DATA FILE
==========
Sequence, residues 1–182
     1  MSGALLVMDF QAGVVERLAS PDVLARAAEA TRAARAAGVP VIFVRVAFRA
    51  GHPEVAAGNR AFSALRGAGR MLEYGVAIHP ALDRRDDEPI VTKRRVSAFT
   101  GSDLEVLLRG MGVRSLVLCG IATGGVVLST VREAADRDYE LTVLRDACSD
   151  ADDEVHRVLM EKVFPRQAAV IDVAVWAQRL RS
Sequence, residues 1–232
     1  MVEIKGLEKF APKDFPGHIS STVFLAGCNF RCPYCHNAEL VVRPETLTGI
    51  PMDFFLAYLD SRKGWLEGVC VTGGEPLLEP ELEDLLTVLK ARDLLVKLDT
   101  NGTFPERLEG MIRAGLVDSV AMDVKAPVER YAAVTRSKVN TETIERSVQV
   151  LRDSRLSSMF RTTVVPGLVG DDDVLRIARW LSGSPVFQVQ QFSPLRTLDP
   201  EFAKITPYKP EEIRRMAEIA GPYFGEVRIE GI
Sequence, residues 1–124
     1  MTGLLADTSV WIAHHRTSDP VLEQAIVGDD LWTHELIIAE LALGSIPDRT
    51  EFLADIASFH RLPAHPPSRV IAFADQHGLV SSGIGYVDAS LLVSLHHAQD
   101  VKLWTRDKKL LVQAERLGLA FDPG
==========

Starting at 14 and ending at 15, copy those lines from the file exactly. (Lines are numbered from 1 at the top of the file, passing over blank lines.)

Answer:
    51  EFLADIASFH RLPAHPPSRV IAFADQHGLV SSGIGYVDAS LLVSLHHAQD
   101  VKLWTRDKKL LVQAERLGLA FDPG